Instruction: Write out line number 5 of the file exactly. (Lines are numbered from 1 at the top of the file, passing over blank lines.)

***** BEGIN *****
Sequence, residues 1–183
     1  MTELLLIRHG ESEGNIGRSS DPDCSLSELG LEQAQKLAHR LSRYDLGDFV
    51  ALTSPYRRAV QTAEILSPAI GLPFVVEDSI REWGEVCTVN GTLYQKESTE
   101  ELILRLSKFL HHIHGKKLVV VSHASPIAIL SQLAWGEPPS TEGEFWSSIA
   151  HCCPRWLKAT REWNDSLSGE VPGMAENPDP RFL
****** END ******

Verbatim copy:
   151  HCCPRWLKAT REWNDSLSGE VPGMAENPDP RFL